COOPER: You know, I checked in with Phil Mattingly who was down in the crowd because we were up on the garage kind of overlooking. So it was hard to tell exactly the response. Phil said that, you know, at the beginning of the president's message though, it kind of few boos from some democrats in the crowd.

But by the end when the president said, you know, play ball it was -- there was overwhelming cheers from all sections of it and even when, you know, some democrats were introduced there was some scattered booing.

But Phil points out that in previous years there was a lot of that, you know, that this is a playful competitive game in past years. But there was much less of that sort of booing in the other side. There was a really I think a strong show of unity here. And I think everybody in the crowd kind of really felt that.

LEMON: It wouldn't be a baseball game if there wasn't booing. I mean, you don't cheer for the other team. I think that was probably part of what should happen.

COOPER: Sure.

LEMON: Yes. Anderson, so you mentioned the president. We mentioned the president just now. That while all of this is going on there is a darkening cloud at the White House tonight.

And as you have been reporting and we have been reporting here, the Washington Post is saying special counsel is looking into Jared Kushner's business dealings. What have you been reporting on that?

COOPER: Yes. We talked to one of the reporters who broke that story to the Washington Post. You know, in some ways you can look at it as a national progression of any kind of special counsel.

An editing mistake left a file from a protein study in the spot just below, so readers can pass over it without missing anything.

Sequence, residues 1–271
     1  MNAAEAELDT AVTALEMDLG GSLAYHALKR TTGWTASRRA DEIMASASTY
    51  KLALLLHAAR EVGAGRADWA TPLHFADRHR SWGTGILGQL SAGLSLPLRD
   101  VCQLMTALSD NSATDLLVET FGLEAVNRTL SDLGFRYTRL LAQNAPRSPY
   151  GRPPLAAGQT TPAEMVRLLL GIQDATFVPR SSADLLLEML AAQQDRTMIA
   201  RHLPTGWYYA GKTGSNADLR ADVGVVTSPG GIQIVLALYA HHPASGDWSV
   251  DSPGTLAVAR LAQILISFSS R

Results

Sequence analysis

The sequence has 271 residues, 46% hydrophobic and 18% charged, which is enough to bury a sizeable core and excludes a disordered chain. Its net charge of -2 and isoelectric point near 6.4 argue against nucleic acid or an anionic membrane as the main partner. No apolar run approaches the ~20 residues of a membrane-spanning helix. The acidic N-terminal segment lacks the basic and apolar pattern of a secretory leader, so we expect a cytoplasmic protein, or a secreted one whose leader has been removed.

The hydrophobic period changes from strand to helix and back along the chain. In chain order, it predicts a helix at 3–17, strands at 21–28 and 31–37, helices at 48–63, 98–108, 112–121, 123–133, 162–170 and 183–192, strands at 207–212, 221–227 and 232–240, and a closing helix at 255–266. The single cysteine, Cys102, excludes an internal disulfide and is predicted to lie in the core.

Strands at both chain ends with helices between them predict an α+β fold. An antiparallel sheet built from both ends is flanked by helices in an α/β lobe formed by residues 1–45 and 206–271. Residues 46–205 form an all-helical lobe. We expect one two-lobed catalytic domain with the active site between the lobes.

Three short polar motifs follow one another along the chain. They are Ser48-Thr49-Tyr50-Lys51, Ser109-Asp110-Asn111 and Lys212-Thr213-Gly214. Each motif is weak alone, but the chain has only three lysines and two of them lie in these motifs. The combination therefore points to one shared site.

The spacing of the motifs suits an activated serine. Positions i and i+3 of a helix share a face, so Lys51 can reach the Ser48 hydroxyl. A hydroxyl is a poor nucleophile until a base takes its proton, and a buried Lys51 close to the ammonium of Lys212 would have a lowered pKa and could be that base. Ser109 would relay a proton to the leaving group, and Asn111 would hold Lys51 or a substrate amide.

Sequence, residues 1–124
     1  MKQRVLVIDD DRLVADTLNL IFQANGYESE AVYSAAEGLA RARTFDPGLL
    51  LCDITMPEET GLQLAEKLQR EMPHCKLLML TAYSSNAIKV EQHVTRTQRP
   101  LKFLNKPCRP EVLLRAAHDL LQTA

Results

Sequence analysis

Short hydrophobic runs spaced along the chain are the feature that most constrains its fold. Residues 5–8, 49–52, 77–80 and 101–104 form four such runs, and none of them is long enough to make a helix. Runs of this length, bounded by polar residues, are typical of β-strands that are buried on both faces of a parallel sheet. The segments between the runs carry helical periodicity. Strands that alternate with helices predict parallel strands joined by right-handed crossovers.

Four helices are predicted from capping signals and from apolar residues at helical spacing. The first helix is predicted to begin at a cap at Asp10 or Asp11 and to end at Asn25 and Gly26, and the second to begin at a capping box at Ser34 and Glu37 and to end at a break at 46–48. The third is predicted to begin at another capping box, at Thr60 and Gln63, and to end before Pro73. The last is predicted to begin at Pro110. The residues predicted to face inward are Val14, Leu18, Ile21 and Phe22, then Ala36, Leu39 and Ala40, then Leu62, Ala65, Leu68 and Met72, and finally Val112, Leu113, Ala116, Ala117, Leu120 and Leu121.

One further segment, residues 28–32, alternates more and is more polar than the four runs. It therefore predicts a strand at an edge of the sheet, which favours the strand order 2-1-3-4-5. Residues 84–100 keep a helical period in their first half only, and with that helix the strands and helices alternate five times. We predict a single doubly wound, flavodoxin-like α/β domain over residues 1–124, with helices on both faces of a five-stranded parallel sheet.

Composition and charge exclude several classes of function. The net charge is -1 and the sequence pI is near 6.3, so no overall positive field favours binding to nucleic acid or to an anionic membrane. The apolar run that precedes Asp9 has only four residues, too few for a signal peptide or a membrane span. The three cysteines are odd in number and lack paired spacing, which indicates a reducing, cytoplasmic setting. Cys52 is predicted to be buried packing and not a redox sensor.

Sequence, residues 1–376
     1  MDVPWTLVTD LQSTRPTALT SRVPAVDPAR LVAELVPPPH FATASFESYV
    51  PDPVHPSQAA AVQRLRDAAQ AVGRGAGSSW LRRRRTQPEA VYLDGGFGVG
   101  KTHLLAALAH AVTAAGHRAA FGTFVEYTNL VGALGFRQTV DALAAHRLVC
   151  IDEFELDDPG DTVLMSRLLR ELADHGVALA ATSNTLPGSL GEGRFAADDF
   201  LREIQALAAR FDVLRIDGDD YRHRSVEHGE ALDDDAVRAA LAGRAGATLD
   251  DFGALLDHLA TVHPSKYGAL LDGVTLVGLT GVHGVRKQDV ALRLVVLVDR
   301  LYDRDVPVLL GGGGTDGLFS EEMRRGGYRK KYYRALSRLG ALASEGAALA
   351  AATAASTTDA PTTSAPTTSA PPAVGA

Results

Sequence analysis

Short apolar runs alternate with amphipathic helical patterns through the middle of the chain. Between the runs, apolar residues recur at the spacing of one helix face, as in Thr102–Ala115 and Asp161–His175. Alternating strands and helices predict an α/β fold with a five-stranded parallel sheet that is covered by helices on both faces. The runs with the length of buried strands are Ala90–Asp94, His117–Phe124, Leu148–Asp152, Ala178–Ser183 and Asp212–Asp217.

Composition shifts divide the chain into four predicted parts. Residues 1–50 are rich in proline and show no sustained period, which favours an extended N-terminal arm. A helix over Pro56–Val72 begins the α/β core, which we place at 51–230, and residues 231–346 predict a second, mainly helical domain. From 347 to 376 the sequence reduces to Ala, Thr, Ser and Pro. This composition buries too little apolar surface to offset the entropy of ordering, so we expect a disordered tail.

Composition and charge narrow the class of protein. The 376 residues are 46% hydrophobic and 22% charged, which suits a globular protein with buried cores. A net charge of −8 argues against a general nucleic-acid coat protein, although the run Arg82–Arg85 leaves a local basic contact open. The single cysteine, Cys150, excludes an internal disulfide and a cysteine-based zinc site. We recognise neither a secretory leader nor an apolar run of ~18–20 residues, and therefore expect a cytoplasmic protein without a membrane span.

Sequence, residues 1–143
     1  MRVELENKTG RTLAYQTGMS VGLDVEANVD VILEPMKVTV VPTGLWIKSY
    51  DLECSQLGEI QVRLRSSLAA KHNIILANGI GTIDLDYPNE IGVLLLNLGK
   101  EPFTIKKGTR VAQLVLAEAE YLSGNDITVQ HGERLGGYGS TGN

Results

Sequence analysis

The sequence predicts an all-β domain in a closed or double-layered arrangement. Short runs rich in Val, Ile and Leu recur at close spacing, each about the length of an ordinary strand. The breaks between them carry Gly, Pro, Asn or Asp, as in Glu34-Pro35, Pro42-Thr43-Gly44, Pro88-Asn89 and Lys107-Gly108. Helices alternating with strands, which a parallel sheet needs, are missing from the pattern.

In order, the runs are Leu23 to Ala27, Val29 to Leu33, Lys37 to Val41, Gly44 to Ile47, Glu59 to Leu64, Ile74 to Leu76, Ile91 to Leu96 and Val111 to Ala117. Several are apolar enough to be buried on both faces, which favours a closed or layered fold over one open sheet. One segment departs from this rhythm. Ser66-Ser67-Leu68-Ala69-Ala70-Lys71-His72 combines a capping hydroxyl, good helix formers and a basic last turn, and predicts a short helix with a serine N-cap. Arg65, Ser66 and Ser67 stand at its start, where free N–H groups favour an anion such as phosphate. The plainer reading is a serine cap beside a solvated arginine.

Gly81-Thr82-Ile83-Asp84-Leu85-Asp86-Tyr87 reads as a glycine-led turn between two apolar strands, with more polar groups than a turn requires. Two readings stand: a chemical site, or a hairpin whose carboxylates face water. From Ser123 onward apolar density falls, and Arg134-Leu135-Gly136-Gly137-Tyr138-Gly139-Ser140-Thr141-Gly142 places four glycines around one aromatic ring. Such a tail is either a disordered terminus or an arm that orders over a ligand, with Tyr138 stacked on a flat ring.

I mean, there are, as Matt Rosenberg of the New York Times pointed out this is a counter intelligence investigation as well as a criminal investigation. There are a lot of moving parts to it. But certainly they are going to be looking and then apparently are looking at the financial dealings of Jared Kushner.

You know, there is the Kushner family has a building 666 fifth Avenue. It was known that he had met with not just the Russian ambassador in Trump Tower during the transition but also at the request of the Russian ambassador met with a Russian banker, a very, you know, Russian banker who has a background in intelligence training and whose bank is on the list of -- bank is under sanctions.

So there is a lot of questions about why he met with them. There were conflicting accounts according to the New York Times about that were given early on about why that meeting took place. So I think there's a lot of questions that's not perhaps too surprising to know that the special counsel would be, were looking at it.

But it certainly brings this even closer into the White House and into the inner circle of Donald Trump and the family circle of Donald Trump.

LEMON: Yes. Anderson Cooper, thank you. Great reporting. We'll let you go now. We have more business to attend to at the ballpark.